and CCECC have vowed to use the project to pass on the Sino-African friendship
as entrenched by the Tazara railway.
Chinese-built railways in Africa
NAIROBI (Xinhua) -- The
Chinese-built railway linking the Ethiopian capital Addis Ababa and the port of
Djibouti, which will be Africa’s first modern electrified railway, has been
inaugurated in Addis Ababa.
The 752.7 km railway, with a designed speed of 120 km per hour, took six
years to complete. It was constructed by the China Railway Group and the China
Civil Engineering Construction Corporation, with a total investment of 4 billion
The railway is expected to help landlocked Ethiopia improve access to the sea
and speed up a burgeoning industrialization process.
The railway reflects the ever strengthening cooperation between China and
Africa, and is a continuation of friendly China-Africa cooperation in railway
The following are some other key railway projects built by China in Africa
over the years.
• Tanzania-Zambia Railway (TAZARA)
Known as a monument to China-Africa friendship, TAZARA is the main rail line
connecting East Africa with the central and southern parts of Africa. China
financed and built TAZARA that covers a total length of 1,860.5 km running from
Tanzania’s Dar es Salaam in the east to New Kapiri Mposhi in central Zambia in
China deployed more than 50,000 workers who worked together with Tanzanian
and Zambian workers to complete the construction of the project in five years
and eight months before its official inauguration in 1976.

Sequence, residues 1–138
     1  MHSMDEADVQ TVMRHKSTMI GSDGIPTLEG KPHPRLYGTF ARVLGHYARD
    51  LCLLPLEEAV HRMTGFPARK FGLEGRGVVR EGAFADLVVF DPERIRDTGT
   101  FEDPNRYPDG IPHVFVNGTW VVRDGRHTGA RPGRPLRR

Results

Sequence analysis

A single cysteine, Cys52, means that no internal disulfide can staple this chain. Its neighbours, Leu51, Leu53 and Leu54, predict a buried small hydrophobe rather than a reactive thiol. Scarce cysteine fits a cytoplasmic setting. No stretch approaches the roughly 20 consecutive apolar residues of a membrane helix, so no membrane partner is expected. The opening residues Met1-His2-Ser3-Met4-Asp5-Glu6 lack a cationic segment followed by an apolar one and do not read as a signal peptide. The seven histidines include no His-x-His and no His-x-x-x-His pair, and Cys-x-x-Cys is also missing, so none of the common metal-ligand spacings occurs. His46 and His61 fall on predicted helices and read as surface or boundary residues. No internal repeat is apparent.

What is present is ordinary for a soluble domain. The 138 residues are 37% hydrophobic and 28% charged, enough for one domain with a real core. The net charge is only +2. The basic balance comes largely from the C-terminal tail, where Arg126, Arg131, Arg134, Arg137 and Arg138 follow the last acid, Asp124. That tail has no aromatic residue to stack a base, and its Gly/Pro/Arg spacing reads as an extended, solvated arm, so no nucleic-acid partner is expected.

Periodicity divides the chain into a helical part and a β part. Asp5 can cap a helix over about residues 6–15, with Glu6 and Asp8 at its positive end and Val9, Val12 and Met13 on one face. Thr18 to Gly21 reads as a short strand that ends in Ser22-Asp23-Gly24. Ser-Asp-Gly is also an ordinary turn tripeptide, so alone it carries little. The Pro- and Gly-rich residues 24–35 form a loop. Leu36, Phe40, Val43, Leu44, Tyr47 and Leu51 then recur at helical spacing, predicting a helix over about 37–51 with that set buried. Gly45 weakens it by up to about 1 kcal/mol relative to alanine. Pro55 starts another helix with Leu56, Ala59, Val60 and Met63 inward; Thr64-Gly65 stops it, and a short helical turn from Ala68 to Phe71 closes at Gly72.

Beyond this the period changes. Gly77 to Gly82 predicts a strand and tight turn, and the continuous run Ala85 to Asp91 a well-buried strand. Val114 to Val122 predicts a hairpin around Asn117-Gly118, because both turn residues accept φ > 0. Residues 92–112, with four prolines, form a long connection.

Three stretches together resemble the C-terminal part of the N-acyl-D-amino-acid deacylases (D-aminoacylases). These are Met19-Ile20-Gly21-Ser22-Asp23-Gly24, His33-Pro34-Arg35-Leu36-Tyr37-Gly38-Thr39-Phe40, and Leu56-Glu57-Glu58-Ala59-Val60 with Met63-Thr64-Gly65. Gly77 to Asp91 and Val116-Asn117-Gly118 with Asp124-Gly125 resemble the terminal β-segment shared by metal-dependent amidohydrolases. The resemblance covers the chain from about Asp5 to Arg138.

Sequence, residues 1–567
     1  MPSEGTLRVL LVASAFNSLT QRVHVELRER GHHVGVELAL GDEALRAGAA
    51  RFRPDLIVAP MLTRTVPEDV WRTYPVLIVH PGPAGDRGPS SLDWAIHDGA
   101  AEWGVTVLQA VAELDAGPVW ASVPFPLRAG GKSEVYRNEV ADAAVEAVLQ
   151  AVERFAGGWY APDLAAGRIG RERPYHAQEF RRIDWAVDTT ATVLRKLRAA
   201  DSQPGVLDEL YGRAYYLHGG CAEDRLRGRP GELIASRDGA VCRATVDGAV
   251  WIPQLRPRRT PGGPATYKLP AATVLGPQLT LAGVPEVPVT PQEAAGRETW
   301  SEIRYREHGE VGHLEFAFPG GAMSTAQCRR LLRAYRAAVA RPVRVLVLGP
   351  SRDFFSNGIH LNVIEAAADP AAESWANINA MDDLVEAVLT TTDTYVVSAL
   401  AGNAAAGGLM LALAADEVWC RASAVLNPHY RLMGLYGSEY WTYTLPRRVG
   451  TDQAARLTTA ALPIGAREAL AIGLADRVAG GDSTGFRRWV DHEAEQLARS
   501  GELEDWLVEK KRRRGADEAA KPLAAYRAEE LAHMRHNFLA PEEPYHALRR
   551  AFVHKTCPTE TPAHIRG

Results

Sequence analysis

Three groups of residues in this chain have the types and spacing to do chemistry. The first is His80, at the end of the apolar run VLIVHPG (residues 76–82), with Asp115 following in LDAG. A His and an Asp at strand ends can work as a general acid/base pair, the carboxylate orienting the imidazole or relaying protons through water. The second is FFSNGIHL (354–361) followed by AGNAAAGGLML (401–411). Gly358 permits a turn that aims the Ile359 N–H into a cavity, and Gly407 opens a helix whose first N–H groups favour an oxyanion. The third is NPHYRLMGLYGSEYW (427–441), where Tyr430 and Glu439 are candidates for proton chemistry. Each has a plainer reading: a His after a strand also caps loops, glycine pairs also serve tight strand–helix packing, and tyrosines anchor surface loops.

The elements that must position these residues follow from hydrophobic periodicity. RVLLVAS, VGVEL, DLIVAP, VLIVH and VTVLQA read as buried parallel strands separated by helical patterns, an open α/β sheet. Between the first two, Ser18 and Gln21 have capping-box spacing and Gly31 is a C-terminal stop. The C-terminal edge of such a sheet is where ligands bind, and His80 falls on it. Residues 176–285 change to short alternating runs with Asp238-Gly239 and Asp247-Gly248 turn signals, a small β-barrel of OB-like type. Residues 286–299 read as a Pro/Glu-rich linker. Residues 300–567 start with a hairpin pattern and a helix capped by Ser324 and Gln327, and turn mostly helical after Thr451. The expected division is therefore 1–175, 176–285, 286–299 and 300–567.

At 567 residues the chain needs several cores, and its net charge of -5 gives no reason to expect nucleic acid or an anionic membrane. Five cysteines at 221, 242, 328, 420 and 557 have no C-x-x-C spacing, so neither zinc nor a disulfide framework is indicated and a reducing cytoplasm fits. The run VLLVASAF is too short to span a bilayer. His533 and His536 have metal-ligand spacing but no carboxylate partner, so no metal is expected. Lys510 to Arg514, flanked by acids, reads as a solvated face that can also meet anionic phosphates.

• Lobito-Luau railway in Angola
In 2015, a 1,344-km railroad project spanning Angola was complete and put
The line, built by the China Railway Construction Corporation, boasts the
fastest traveling speed in the country and will serve as a significant economic
The railway, linking the coastal city of Lobito in the west and Luau city
which borders the Democratic Republic of Congo, is the second longest railway
built by a Chinese company for Africa after TAZARA. The railway will be linked
with the Angola-Zambia railway and the Tanzania-Zambia railway in the future.
• Abuja-Kaduna railway in Nigeria
The railway, built by China Civil Engineering Construction Corporation,
covers a distance of 186.5 km and links the capital city Abuja and the
northwestern state of Kaduna. It has nine stations and a designed speed of 150
km per hour.
Built in 2011, the railway became operational in July 2016. It is part of the
railway modernization initiative by Nigeria which aims to replace the existing
narrow gauge system with the wider standard gauge system, while allowing
high-speed train operations on the railway network.
•Standard Gauge Railway in Kenya
China in May 2014 signed a deal to build a rail link worth 3.8 billion
dollars between Kenya’s Mombasa and Nairobi. Around 480 km long, the project is
expected to complete in 2017.
The project, which marks the first phase of a line that is expected to cover
a distance of about 2,935 km and eventually connect Uganda, Rwanda, Burundi and
South Sudan, will facilitate transportation and boost trade in the eastern
It features passenger trains with a speed of 120 km per hour and freight
trains designed to move at 80 km per hour.
• Addis Ababa Light Rail Transit (AA-LRT) in
The electrified AA-LRT was the first light railway on the African continent
with two lines of a total length of 34 km. The project, built by China Railway
Group, became operational in September 2015.
The rail service, estimated to transport about 60,000 passengers per day,
helps ease people’s travels in the Ethiopian capital.